Talking Screens, March 25-31, 2022: Writing with Fire | Early Jane Campion | Nic Cage, actor for hire

“Writing with Fire”

Talking Screens, A Week In Chicago Film, March 25-31, 2022:

Whether it’s the build-up to Oscars week, a tradition from years past where Oscar wins could keep a movie in theaters for weeks or months later, or a universal fear of match Paramount’s retread of Kathleen Turner and Michael Douglas starring “Romancing the Stone” (1984), “The lost city“, this time with Channing Tatum (“Dog”), Daniel Radcliffe (“Swiss Army Man”) and Netflix drama star Sandra Bullock. While an Oscar weekend re-release of “Parallel mothers” on the big screen at the Landmark Century or River East is nice, it is not the kind of event to end the drought of the kind of films that could keep regular moviegoers in the habit of haunting the multiplex.

Will “The Sing 2 Sing Along Experience” be the thing, however? Universal informs that “The Sing 2 Sing-Along Experience” will include lyrics to “more than twenty of the biggest hits featured in the film, including ‘Girl on Fire,’ ‘There’s Nothing Holding Me Back,'” Let’s Go Crazy”, ‘ “She Bangs”, and U2’s “Where The Streets Have No Name” and “I Still Haven’t Found What I’m Looking For”.


“Writing with fire”, one of this year’s Oscar nominees for Best Documentary, opens at the Music Box for only three screenings, including Saturday and Sunday mornings. Rintu Thomas and Sushmit Ghosh’s Hindi film follows journalists from Khabar Lahariya (“Waves of News”), India’s only female-run media outlet from the Dalit caste, as the newspaper transitions to digital production. The Academy may have viewed the moving testimony to be witnessed as an underdog story; Yet Thomas and Ghosh’s cinema has a vital density that is not often recognized by this group. The rise and fall of individual women within the group are richly detailed and skillfully depicted. “Writing With Fire” plays many roles, but mostly as a taut tapestry of resistance, and even triumph, against all odds over centuries of oppression and the continued cost of a rigid patriarchy imposed on a vast nation. Music Box, March 25-27.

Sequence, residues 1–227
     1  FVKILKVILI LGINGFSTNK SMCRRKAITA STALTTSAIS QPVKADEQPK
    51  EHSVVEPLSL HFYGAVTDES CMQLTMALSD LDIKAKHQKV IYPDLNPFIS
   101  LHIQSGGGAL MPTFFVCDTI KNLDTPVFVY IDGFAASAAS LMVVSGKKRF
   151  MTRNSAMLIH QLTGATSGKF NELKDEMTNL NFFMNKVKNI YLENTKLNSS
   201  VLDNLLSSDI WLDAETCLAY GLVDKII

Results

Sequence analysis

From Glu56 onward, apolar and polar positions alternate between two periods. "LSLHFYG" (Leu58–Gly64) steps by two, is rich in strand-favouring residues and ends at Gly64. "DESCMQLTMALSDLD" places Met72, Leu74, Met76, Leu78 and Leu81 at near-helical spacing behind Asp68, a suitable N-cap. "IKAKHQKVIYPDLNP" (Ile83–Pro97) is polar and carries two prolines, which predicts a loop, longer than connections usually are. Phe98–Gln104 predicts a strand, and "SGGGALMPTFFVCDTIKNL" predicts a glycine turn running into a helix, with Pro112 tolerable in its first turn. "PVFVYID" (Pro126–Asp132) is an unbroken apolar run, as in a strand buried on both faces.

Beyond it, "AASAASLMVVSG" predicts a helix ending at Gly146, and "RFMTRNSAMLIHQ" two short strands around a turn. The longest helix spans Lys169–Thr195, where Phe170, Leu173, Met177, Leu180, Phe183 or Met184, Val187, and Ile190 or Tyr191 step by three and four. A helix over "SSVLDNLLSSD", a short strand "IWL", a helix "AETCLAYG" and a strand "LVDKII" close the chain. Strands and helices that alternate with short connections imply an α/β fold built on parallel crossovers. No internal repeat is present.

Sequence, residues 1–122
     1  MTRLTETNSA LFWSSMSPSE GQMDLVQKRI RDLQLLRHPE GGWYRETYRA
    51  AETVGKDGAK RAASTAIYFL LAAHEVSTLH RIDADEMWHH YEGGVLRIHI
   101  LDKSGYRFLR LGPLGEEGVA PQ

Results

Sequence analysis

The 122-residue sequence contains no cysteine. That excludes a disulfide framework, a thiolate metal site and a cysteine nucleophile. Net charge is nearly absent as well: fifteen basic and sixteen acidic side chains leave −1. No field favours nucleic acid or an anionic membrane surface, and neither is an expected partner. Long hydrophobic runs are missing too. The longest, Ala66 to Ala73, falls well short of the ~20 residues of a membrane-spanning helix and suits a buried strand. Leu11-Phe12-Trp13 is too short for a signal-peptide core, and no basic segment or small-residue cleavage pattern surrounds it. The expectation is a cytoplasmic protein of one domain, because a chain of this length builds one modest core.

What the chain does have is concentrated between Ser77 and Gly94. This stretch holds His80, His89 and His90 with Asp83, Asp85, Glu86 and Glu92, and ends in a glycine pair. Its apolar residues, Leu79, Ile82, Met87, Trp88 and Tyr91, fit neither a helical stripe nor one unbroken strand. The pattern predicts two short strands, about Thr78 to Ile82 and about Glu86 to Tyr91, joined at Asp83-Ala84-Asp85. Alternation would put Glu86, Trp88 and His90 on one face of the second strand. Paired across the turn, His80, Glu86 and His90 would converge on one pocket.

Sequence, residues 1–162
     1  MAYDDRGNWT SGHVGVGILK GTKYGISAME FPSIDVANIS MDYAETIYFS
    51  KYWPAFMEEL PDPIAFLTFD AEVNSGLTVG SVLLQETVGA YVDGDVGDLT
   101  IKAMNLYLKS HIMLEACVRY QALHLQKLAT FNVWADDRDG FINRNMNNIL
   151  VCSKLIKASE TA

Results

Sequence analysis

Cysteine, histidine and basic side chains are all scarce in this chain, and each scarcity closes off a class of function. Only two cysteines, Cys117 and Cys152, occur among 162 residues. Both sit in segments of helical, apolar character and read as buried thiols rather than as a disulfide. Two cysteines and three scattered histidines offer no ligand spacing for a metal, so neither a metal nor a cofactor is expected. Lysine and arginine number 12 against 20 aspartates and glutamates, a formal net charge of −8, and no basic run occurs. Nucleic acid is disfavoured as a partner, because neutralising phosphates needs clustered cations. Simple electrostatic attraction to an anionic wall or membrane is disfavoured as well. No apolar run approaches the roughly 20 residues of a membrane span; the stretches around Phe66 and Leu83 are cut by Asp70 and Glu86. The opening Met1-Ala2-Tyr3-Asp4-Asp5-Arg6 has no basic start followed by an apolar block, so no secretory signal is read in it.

Naomi Watts is the lead of “Infinite Storm“, about an experienced mountaineer who returns from a blizzard while climbing Mount Washington, New Hampshire, only to discover a stranded man that she must descend from the mountain before nightfall. Co-directed by the great eccentric Polish director Malgorzata Szumowska and Michal Englert. River East, Regal City North and outlying theaters. Big Budget Hindi Entry”RRR: Rise, Roar, Revolt», an action drama by director SS Rajamouli (“Baahubali”) opens, following the rebellion of Indian soldiers against the British occupation. River East, Webster Place, Regal City North and outlying theatres.


The Jim Farrell Award winner”The torchcontinues at Siskel through the end of the month, a portrait of legendary Chicago bluesman Buddy Guy at the age of eighty-three.


“Passionless Moments”

Jane Campion’s early shorts are played under the generic title “A Girl’s Own Storyat Chicago Filmmakers, notably “An Exercise In Discipline: Peel” (1982); “Passionless Moments” (1983); “A Girl’s Own Story” (1984); “After Hours” (1984) and “The Audition” (199o). “Campion encouraged themes and motifs that would punctuate her work in the short films she made during and immediately after her time at the Australian Film Television and Radio School. From the tension evoked by a fruit peel to the not-so-clear dilemma of workplace harassment, these films form the basis of a prodigious body of work,” writes Filmmakers. Chicago Filmmakers Firehouse Cinema, Saturday, March 26 at 7 p.m. $10 tickets here.

“I blame society”

Chicago filmmaker Joe Swanberg continues his side gig as a film exhibitor and distributor, hosting filmmaker Gillian Horvat for a free screening with Q&A after his Analog label’s first VHS release of his 2021 dark comedy, “I blame societyabout a filmmaker who turns to murder after too much rejection. “The first edition of this release is limited to fifty hand-numbered copies available for $20 cash.” Friday, March 25, 8 p.m. 2118 West Lawrence, VHS goes on sale at 7 p.m. when the store opens. It’s also hosting the first of two final “Secret Saturday” screenings the following night, March 26, at the Davis Theater of a 2022 Sundance film that won’t hit theaters until July. Doors 7 p.m., movie 8 p.m. Tickets, which include a draft beer or cider, are here.


Nicolas Cage covers the April issue of GQ, in anticipation of his latest film, “The Unbearable Weight of Massive Talent”. Gabriella Paiella’s profile is an endearing outing, and Cage speaks of productivity and passion: “What followed her father’s death and financial ruin was a decade-long odyssey to make as many movies as possible with the as much money as possible to pay his debts. … Cage has appeared in forty-six films, an experience he likens to “a treadmill”. … Cage is pragmatic when recounting how he went from headlining blockbusters to going straight to VOD. “The phone has stopped ringing,” he said. ‘It was like, ‘What do you mean we don’t do ‘National Treasure 3? It’s been fourteen years. Why not?’ I have all these creditors and the IRS and I’m spending $20,000 a month trying to keep my mom out of a mental institution, and I can’t…’ Cage was adamant that ‘ he would never file for bankruptcy, even when people kept telling him to push that button.”When I was doing four films a year, back to back, I still had to find something in them to be able to give my all They didn’t work, all of them. Some of them were great, like “Mandy,'” but some of them didn’t work. But I never phoned. So if there was a misconception, that was it. That I was just doing this and didn’t care. I has been kindness.'”

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